The New York Times today has a story with the provocative title Getting Into Med School Without Hard Sciences, about a program at Mount Sinai that allows students to go to med school without taking the three things most dreaded by pre-meds: physics, organic chemistry, and the MCAT:
[I]t came as a total shock to Elizabeth Adler when she discovered, through a singer in her favorite a cappella group at Brown University, that one of the nation’s top medical schools admits a small number of students every year who have skipped all three requirements.
Until then, despite being the daughter of a physician, she said, “I was kind of thinking medical school was not the right track for me.”
Ms. Adler became one of the lucky few in one of the best kept secrets in the cutthroat world of medical school admissions, the Humanities and Medicine Program at the Mount Sinai medical school on the Upper East Side of Manhattan.
I’m kind of torn about this. On the one hand, I tend to think that anyone who is going to be allowed to prescribe drugs ought to know enough organic chemistry to have some idea how they work. On the other hand, though, I would shed no tears if the pre-med physics class disappeared entirely– most of the students resent having to take physics, and I’m not wild about being used as a weed-out course for somebody else’s major program, which is a combination that easily turns into a thoroughly miserable experience for everyone.
The story cites a new study of Mount Sinai’s program, which finds that the students from the Humanities and Medicine program are statistically no worse than their classmates from more traditional pre-med tracks. The only statistically significant differences in their performance are slightly lower scores on the licensing exam, slightly higher incidence of taking a non-academic leave of absence, and a higher tendency to go into psychiatry. I’m pretty sure a friend of mine went through this program, and I don’t think I have any qualms about him being a doctor.
Still, I’m a little uneasy about people getting to be doctors without taking science in college at all:
The students apply in their sophomore or junior years in college and agree to major in humanities or social science, rather than the hard sciences. If they are admitted, they are required to take only basic biology and chemistry, at a level many students accomplish through Advanced Placement courses in high school.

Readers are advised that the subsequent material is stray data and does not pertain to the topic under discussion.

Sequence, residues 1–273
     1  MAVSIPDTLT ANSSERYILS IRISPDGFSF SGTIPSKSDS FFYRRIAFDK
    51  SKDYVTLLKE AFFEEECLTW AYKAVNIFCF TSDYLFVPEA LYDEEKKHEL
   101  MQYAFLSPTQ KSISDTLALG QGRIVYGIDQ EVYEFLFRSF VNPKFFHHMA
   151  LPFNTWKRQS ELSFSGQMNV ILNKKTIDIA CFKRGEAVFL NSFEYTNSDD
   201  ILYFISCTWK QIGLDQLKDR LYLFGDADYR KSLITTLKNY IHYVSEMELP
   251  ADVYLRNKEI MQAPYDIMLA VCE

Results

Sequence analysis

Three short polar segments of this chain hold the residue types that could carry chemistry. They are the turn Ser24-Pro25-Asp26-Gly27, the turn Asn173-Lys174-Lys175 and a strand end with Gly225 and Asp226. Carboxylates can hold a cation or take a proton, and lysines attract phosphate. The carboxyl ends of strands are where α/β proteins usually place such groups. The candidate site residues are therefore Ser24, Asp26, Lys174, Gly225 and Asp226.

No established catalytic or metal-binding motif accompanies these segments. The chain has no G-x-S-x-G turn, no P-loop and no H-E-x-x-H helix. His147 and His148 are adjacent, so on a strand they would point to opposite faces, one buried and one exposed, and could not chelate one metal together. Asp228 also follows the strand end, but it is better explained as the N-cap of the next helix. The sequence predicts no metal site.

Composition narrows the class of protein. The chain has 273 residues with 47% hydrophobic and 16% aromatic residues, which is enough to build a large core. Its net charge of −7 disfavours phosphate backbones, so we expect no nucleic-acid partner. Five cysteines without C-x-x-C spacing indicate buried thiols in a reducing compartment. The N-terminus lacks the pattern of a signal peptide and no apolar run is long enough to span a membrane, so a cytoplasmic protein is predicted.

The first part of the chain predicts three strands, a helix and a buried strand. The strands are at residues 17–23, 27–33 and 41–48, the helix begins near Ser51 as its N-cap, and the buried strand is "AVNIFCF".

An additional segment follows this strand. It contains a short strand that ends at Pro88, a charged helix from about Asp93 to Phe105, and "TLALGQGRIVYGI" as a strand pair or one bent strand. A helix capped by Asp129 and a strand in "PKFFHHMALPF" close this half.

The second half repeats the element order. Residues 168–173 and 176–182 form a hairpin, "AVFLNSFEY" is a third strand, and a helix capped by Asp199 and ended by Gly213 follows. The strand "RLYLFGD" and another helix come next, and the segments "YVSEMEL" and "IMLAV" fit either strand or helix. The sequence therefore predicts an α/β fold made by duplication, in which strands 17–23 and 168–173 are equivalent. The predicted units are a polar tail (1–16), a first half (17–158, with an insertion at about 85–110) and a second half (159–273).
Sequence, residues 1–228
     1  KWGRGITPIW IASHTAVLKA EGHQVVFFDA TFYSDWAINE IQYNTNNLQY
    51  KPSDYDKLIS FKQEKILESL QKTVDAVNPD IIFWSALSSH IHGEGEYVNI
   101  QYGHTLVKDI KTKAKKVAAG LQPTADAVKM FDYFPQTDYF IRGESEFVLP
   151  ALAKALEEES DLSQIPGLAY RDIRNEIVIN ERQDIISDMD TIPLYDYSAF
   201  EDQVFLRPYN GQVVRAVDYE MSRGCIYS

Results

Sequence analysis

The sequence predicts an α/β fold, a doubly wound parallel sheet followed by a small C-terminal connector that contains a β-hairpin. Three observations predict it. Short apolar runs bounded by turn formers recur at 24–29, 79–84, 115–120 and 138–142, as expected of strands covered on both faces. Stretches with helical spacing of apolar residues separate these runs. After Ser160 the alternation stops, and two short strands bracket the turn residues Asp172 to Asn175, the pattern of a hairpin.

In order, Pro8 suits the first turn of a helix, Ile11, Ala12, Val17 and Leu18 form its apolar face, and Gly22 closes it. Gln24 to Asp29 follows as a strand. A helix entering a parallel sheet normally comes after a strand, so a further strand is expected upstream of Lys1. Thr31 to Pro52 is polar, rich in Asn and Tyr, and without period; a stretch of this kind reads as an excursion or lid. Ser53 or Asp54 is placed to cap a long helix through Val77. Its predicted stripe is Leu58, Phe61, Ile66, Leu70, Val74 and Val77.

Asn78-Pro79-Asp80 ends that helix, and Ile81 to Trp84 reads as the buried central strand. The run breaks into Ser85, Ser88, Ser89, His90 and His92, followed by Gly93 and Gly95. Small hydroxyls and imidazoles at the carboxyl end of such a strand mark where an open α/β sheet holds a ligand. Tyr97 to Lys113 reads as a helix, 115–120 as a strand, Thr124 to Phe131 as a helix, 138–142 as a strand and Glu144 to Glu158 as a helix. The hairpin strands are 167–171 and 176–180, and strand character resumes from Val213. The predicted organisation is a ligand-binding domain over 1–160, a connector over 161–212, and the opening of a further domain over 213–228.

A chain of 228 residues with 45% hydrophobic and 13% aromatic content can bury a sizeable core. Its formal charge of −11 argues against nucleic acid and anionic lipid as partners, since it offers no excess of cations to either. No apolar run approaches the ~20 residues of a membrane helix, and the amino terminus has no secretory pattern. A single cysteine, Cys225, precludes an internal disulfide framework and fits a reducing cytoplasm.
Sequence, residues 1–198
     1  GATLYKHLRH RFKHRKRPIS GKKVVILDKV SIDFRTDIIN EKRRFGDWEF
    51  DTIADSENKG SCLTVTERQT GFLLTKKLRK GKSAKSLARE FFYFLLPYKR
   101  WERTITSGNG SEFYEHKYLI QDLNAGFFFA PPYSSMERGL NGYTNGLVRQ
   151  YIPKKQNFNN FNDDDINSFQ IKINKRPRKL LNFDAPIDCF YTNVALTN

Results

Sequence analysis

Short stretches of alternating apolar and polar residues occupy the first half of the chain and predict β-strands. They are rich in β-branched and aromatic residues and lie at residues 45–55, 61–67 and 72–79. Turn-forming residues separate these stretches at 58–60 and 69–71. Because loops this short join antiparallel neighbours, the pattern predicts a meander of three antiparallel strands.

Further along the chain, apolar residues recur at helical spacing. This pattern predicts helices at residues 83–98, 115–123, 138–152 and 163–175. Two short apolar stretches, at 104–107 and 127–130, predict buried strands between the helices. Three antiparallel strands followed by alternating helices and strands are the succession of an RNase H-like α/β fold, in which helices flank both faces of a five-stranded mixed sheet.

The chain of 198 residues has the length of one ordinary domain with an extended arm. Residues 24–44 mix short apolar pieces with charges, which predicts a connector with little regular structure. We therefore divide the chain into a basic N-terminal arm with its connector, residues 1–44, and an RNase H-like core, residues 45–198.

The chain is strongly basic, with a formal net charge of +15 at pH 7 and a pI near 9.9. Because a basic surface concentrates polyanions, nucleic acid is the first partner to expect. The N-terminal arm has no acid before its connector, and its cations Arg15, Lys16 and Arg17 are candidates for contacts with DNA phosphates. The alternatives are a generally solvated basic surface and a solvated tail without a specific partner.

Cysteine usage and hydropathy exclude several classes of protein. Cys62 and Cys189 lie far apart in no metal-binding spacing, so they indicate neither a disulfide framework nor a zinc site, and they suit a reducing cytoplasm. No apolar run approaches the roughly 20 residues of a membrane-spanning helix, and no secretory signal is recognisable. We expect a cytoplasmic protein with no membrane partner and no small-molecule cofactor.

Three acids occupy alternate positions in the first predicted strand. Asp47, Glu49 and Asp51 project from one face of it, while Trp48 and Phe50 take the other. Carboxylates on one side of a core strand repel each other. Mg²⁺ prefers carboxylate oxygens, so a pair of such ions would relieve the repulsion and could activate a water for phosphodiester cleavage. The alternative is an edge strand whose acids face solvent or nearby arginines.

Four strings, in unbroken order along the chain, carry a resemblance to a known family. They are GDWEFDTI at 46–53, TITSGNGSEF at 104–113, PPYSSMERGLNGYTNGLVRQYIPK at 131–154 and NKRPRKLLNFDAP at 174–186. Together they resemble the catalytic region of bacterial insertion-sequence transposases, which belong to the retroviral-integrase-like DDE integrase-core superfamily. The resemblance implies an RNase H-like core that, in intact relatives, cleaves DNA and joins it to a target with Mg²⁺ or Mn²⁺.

They forgo organic chemistry, physics and calculus — though they get abbreviated organic chemistry and physics courses during a summer boot camp run by Mount Sinai. They are exempt from the MCAT. Instead, they are admitted into the program based on their high school SAT scores, two personal essays, their high school and early college grades and interviews.
I suspect Mount Sinai has good results from this program because it’s just about the only one going, and they get their pick of the very best students, who are able to pick up what they need from “summer boot camp.” I’m less comfortable with the idea of making this a general policy– a lot of the students I see struggling in pre-med physics are struggling because of things that would not be positive features in a doctor.
(I don’t give a damn about the MCAT, by the way. Like most standardized tests, this exists primarily as a way to line the pockets of ETS while reducing the workload of med school admissions offices. It’s perfectly possible to imagine a system in which nobody takes the MCAT and we still end up with excellent medical staff. It would be a lot more work for people reading med school applications, but such is life.)
So, as I said, I’m torn. What do you think? Would you be comfortable moving to a system where future doctors don’t have to take physics and chemistry in college?